Giving birth could bankrupt women under GOP's health plan

Under the GOP's proposed new healthcare law, new bundle of joy might just break the bank, according to an article from Kaiser Health News (KHN).

Giving birth has long been an expensive undertaking. Independent of the costs of prenatal care and screening tests, a vaginal delivery costs an average of almost $9,000, while c-sections are more than $11,000, according to data from healthcare information company Castlight and reported by CNBC (KHN's estimates are even higher, at $30,000 and $50,000 respectively).

For a woman with employer-sponsored health insurance, that cost would be divvied up between the insurer and the patient. But before the Affordable Care Act, only about 12 percent of plans would cover maternal care, KHN reports. That all changed under the ACA—maternity and newborn care were one of the 10 essential health benefits required to be covered by any plan sold on the state health exchanges, so women could be certain that they would be covered, even with the most basic high-deductible plans.

The American Health Care Act (AHCA), Republicans' proposed law to replace Obamacare, would likely eliminate the provision of maternal care from health insurance plans. This is under the rhetorical guise of giving women more choices in their healthcare.

"Women have to make the decisions that work best for them and their family," said Seema Verma, Trump's choice to head the Centers for Medicare and Medicaid Services, said in her confirmation hearing. "Some women might want maternity coverage, and some women might not want it."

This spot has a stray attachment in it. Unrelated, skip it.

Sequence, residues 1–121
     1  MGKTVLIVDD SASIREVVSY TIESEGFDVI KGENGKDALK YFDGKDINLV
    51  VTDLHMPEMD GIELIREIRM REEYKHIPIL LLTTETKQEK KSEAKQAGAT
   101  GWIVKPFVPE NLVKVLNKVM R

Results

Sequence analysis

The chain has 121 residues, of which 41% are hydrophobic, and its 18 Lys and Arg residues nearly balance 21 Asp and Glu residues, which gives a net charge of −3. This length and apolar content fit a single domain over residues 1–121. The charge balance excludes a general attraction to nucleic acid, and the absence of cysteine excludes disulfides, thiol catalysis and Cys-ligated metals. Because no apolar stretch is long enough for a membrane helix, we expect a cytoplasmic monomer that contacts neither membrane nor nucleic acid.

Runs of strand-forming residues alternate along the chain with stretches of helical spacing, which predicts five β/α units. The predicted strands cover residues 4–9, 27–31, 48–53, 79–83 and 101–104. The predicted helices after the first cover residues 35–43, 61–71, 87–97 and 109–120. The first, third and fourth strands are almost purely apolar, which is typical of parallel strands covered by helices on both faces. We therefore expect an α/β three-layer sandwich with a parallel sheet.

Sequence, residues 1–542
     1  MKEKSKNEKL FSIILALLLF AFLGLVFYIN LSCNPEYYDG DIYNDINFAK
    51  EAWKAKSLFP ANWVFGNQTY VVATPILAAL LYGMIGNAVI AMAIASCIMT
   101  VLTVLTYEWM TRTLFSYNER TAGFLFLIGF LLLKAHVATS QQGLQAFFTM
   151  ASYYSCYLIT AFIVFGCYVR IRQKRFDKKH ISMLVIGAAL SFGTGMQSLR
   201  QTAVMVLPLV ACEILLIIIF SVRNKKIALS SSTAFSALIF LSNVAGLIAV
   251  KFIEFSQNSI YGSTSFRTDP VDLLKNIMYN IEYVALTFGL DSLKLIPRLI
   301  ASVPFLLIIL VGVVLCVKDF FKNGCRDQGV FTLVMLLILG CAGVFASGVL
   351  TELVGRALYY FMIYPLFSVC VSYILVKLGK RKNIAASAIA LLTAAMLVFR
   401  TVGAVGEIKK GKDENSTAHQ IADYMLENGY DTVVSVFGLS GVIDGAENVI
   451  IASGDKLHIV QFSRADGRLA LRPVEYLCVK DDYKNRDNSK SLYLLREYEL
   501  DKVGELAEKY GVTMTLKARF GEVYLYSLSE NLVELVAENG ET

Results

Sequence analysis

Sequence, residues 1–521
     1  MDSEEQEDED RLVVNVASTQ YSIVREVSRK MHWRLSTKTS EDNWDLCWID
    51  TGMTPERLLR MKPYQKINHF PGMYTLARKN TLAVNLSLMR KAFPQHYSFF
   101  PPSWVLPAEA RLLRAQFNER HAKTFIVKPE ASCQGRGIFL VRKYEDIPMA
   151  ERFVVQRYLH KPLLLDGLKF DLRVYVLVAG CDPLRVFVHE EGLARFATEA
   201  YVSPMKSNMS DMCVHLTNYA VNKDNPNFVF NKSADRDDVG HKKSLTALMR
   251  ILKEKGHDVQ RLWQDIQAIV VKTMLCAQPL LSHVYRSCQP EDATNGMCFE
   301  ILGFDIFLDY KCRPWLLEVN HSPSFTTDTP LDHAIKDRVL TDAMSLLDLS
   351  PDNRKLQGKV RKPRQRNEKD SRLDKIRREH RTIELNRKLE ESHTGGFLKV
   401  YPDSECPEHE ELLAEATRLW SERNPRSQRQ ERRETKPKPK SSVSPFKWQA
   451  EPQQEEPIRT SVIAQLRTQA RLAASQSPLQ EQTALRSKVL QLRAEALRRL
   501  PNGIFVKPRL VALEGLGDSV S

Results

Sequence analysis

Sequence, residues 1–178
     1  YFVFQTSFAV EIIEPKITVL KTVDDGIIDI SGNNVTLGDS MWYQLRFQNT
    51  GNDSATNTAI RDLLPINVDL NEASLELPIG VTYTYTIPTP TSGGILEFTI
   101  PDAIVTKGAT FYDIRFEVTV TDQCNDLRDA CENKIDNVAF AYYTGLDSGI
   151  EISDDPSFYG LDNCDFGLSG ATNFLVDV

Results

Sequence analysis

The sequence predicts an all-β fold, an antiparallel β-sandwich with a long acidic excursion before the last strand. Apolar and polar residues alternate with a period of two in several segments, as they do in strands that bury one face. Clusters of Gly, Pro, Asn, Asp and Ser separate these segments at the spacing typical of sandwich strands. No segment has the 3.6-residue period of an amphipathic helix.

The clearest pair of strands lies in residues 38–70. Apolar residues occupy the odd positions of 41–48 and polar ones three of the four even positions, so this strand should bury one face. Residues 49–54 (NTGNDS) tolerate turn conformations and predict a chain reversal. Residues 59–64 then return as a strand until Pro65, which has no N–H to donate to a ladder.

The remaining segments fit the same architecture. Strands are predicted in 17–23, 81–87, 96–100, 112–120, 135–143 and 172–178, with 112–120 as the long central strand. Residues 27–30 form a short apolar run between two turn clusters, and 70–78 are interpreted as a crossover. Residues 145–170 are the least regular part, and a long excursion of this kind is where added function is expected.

Senators and healthcare experts (including the Congressional Budget Office, which estimated that under the AHCA 24 million Americans would lose health coverage by 2026) have pointed out that in practice, "choice" means that more women will ultimately have to pay more to have a baby—with fewer of the costs covered, women will have to limit their options to the plans they can afford, or no plan at all. And that's not good news for women who might end up pregnant by accident, as their access to birth control or abortion is limited by bare-bones health plans or defunded Planned Parenthood.

Some experts in favor of the ACA are skeptical that the new health plan could cut too much into the maternal health provision, as many states have past similar measures mandating that insurers cover maternal health, KHN reports. And the AHCA, already unpopular in the public, healthcare providers, and on Capitol Hill, could be amended before it's passed, if it's passed at all. For the sake of would-be mothers who would be having babies in a world of Trumpcare, let's hope the experts are right.